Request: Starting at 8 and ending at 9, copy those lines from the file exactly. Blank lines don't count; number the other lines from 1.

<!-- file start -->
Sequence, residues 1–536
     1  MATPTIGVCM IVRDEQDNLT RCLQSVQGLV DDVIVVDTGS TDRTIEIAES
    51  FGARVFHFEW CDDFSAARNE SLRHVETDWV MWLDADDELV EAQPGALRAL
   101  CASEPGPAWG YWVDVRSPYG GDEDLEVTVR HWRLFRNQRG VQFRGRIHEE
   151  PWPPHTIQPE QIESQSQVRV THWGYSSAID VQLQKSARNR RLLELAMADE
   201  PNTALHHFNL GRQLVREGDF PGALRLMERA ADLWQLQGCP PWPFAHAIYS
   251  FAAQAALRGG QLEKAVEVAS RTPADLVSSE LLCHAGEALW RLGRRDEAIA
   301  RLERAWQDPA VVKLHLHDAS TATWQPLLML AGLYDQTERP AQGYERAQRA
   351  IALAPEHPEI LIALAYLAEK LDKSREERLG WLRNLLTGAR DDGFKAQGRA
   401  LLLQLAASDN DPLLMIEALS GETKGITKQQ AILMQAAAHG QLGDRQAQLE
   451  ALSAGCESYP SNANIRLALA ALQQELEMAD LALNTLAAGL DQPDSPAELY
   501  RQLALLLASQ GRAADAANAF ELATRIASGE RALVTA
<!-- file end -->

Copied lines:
   301  RLERAWQDPA VVKLHLHDAS TATWQPLLML AGLYDQTERP AQGYERAQRA
   351  IALAPEHPEI LIALAYLAEK LDKSREERLG WLRNLLTGAR DDGFKAQGRA